compaction technique. For further guidance on the effect of the
various compaction techniques on thermal conductivity the
reader is referred to Mitchell et al. (1).
The tube should have
a minimum diameter of 51 mm (2.0 in.) and a length of 200 6
30 mm (8.0 6 1 in.).
7.2.2 Perform 7.1.2 and 7.1.3.
7.3 Soft Rock SamplesInsert the thermal needle probe into
the sample by predrilling a hole to a depth equal to the length
of the probe. (See Note 1.)
8. Calibration
8.1 The thermal needle probe apparatus should be calibrated
before its use. Perform calibration by comparing the experi-
mental determination of the thermal conductivity of a standard
material to its known value.
8.2 Conduct the test specied in Section 7 using a calibra-
tion standard as specied in 6.1.9.
8.3 The measured thermal conductivity of the calibration
specimen must agree within one standard deviation of the
published value of thermal conductivity, or with the value of
thermal conductivity determined by an independent method.
9. Procedure
9.1 Allow sample to come to equilibrium with room tem-
9.2 Connect the heater wire of the thermal probe to the
constant current source. (See Fig. 1.)
9.3 Connect the temperature measuring element leads to the
readout unit.
9.4 Apply a known constant current (for example, equal to
1.0 A) to the heater wire such that the temperature change is
less than 10K in 1000 s.
9.5 Record the readings at 0, 5, 10, 15, 30, 45, and 60 s, then
take readings at 30 s time intervals for a minimum of 1000 s.
A typical data sheet and a typical record of data are shown in
Fig. 2 and Fig. 3 respectively.
9.6 Turn off constant current source.
9.7 Select linear portion of curve (pseudo steady state
portion) and draw a straight line through the points.
9.8 Select times t
and t
at appropriate points on the line
and read the corresponding temperatures T
and T
9.9 Remove soil from the thin wall tube or sampling rings.
9.10 Perform a moisture content test (see Test Method
D 2216) on a representative specimen of the sample.
9.11 Clean the thin wall tube or sampling rings and weigh.
10. Calculation
10.1 Compute the thermal conductivity (l) of the specimen
from the linear portion of the experimental curve shown in Fig.
4 using the following relationship:
l 5
2 T
! 5
2 T
Ln ~t
! (1)
Q 5
heat input 5
10.2 Derivation of (Eq 1) is presented by Carslaw and
Jaeger (2); and adapted to soils by VanRooyen and Winterkorn
(3); VanHerzen and Maxwell (4); and Winterkorn (5).
11. Report
11.1 For each thermal conductivity test record, report the
The boldface numbers given in parentheses refer to a list of references at the
end of the text. FIG. 1 Thermal Probe Experimental Setup (Idealized Setup)
D 5334
following observations:
11.1.1 Date of the test,
11.1.2 Boring number, sample or tube number, sample
11.1.3 Initial moisture content and dry density,
11.1.4 Time versus temperature plot,
11.1.5 Thermal conductivity, and
11.1.6 Physical description of sample including soil or rock
type. If rock, describe location and orientation of apparent
weakness planes, bedding planes, and any large inclusions or
12. Precision and Bias
12.1 Due to the nature of the soil or rock materials tested by
this test method it is either not feasible or too costly at this time
to produce multiple specimens that have uniform physical
properties. Any variation observed on the data is just as likely
to be due to specimen variation as to operator or laboratory
testing variation. Data obtained from tests on materials with
known thermal conductivity indicate that precision of 5 to
10 % can be achieved. Subcommittee D18.12 welcomes pro-
posals that would allow for development of a valid precision
statement. There is no accepted reference value of soil or rock
for this test method, therefore, bias cannot be determined.
13. Keywords
13.1 heat ow; temperature; thermal conductivity; thermal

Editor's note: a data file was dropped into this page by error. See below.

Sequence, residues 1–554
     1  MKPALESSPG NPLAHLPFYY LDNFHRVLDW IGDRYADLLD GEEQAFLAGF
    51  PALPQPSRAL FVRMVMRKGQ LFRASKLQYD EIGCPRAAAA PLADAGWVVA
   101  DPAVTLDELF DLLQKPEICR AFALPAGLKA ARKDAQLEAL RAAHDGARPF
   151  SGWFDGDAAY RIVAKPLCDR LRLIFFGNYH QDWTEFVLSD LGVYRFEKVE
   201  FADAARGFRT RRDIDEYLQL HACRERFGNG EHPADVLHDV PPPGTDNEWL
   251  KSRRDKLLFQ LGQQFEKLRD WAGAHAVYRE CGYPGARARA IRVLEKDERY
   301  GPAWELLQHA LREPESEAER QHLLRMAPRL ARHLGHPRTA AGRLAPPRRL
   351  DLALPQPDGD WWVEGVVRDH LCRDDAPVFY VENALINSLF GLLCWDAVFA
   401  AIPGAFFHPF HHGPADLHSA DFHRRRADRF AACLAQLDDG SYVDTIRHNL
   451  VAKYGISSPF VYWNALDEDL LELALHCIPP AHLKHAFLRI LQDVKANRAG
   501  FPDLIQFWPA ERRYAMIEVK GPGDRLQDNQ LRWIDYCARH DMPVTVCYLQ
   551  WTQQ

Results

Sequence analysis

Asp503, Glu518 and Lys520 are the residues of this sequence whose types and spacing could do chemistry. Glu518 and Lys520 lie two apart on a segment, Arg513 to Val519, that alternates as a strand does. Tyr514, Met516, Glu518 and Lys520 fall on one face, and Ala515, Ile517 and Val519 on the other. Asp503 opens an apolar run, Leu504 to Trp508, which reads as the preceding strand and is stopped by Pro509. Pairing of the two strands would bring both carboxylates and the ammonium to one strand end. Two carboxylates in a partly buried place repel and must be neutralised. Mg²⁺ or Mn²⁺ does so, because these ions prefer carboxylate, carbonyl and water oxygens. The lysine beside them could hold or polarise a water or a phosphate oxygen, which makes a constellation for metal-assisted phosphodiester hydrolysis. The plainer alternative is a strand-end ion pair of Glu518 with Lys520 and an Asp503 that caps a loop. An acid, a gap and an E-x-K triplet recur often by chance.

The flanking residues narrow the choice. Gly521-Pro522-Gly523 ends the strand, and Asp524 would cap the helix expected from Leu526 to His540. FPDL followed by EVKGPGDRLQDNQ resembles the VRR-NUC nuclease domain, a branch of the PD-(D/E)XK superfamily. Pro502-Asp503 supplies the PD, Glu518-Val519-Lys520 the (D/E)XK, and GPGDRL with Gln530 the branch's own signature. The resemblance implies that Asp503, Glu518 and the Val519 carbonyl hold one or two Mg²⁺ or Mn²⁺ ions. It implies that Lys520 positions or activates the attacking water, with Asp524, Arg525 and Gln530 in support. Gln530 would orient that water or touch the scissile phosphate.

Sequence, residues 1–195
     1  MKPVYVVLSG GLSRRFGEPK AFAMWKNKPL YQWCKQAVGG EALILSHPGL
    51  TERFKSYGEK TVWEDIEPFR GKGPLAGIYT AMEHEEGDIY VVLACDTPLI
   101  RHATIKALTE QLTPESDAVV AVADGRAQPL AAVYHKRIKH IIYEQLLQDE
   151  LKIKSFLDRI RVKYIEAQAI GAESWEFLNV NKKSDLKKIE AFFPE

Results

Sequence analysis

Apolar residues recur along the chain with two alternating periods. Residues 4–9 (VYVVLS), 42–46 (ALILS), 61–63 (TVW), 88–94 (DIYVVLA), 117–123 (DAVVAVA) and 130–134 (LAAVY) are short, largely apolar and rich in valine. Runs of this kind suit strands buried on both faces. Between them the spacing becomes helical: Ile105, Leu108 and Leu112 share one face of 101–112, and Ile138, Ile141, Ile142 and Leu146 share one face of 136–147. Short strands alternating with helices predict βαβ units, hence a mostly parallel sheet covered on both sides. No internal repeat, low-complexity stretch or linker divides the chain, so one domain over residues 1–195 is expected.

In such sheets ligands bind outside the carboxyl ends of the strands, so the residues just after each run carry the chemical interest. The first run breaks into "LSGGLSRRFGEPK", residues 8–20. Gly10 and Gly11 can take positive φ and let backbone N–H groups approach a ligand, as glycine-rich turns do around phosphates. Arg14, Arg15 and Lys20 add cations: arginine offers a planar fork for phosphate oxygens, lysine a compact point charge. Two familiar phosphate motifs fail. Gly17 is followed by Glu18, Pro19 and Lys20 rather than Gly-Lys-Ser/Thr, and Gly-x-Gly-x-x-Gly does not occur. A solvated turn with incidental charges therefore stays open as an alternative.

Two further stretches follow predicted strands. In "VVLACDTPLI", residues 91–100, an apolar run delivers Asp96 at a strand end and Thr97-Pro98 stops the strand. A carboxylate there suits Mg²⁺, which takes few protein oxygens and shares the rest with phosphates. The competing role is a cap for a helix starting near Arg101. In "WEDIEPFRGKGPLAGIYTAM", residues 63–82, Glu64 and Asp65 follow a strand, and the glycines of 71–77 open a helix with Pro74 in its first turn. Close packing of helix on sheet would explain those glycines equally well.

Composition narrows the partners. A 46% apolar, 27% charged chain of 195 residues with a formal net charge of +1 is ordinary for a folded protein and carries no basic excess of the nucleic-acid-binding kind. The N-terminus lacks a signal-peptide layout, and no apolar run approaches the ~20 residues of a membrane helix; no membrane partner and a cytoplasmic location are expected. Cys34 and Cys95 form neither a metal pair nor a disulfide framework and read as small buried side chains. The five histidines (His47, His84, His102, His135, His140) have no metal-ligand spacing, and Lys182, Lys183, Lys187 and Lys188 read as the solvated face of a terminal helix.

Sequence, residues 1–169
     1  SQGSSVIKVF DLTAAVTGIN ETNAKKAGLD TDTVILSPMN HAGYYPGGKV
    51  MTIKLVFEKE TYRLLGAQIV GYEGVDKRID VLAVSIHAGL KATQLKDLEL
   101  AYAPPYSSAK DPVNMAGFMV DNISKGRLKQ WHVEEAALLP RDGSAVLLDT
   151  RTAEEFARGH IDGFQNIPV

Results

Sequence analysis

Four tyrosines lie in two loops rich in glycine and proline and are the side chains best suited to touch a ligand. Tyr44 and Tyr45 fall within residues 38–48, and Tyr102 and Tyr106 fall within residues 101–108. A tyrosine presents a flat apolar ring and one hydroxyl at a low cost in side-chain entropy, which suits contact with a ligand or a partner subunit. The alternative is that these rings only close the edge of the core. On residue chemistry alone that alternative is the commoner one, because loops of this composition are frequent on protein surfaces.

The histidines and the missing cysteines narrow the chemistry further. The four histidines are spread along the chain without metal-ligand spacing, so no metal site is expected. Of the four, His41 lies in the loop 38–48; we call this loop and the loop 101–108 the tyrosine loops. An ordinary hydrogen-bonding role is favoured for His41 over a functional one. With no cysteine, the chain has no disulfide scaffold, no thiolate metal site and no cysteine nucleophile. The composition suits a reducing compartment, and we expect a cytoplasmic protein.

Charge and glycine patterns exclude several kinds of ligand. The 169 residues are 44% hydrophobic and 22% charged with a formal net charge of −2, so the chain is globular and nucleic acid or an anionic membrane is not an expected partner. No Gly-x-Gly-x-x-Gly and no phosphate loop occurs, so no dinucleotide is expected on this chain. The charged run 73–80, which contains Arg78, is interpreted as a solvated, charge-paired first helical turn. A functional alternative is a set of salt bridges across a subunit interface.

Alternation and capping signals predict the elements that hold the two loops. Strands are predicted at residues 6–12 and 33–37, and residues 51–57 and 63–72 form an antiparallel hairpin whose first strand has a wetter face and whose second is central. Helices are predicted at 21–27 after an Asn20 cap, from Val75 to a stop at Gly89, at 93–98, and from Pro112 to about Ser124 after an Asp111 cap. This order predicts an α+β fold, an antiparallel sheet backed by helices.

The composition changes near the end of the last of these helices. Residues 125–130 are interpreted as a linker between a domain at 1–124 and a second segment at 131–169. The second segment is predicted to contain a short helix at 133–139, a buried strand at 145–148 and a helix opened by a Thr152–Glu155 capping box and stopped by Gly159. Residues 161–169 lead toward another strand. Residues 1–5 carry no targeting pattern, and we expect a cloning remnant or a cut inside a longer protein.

probe; thermal properties
FIG. 2 Typical Laboratory Data Sheet
FIG. 3 Typical Experimental Test Results (Idealized Curve)
FIG. 4 Typical Experimental Test Results
D 5334
(Mandatory Information)
A1.1 The thermal needle consists of a stainless steel
hypodermic tubing containing a heater element and a thermo-
couple as shown in Fig. A1.1. Its components and assembly are
similar to the one described by Mitchell et al. (1) and Footnote
To construct a thermal needle, hypodermic tubing is cut to
115 mm (4
2 in.) in length. The end to be inserted into the
bakelite head of a thermocouple jack is roughened for a length
of 15 mm (0.5 in.). A copper-constantan thermocouple wire
junction previously coated with an insulating varnish is
threaded into the hypodermic needle with the junction 50 mm
(2 in.) from the end of the needle (see Note A1.1). At the same
time, a manganin heater element is inserted with approximately
75 mm (3 in.) pigtails extending from the top of the needle as
shown in Fig. A1.2. The uncut end of the needle is then inserted
into an evacuating ask through a rubber stopper and the other
end is placed in a reservoir of thermal epoxy primer as shown
in Fig. A1.2. Avacuum pump connected to the evacuating ask
is used to draw the thermal epoxy up through the needle. The
needle is removed from the reservoir and ask, and a blob of
putty is placed at the end of the needle to hold the thermal
epoxy in place for hardening. After the thermal epoxy hardens,
the thermocouple wires are soldered to the pins of a polarized
thermocouple jack and the roughened end of the needle is
placed in the bakelite head of the jack. The heater leads are
brought out through two holes in the back of the bakelite head
(see Fig. A1.2).
NOTE A1.1For soft rock samples it may not be possible to drill a hole
to accommodate a 115 mm (4.50 in.) long thermal needle. In this case a
shorter needle may be used. The length of the needle should not be less
than 25.4 mm (1.0 in.) to avoid boundary effects.
Mitchell, J. K., (Personal Communication), 1978 b.
FIG. A1.1 Typical Probe Components FIG. A1.2 Drawing Thermal Epoxy Into Hypodermic Tubing
D 5334
(1) Mitchell, J. K., Kao, T. C., and Abdel-Hadi, O. N., Backll Materials
for Underground Power Cables, Department of Civil Engineering,
University of California at Berkeley, EPRI EL-506, June 1977.
(2) Carslaw, H. S., and Jaeger, J. C., Conduction of Heat in Solids,
Oxford Press, 2nd ed., 1946.
(3) Van Rooyen, M., and Winterkown, H. F., Theoretical and Practical
Concepts of the Thermal Conductivity of Soils and Similar Granular
Systems, Highway Research Board, Bulletin 168Fundamental and
Practical Concepts of Soil Freezing, 1957, pp. 143205.
(4) Von Herzen, R., and Maxwell, A. E., The Measurement of Thermal
Conductivity of Deep-Sea Sediments by a Needle-Probe Method,
Journal of Geophysical Research, Vol 64, No. 10, October, 1959, pp.
(5) Winterkown, H. K., Suggested Method of Test for Thermal Resis-
tivity of Soil by the Thermal Probe, Special Procedures for Testing
Soil and Rock for Engineering Purposes, ASTM STP 479, ASTM,
1970, pp. 264270.
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D 5334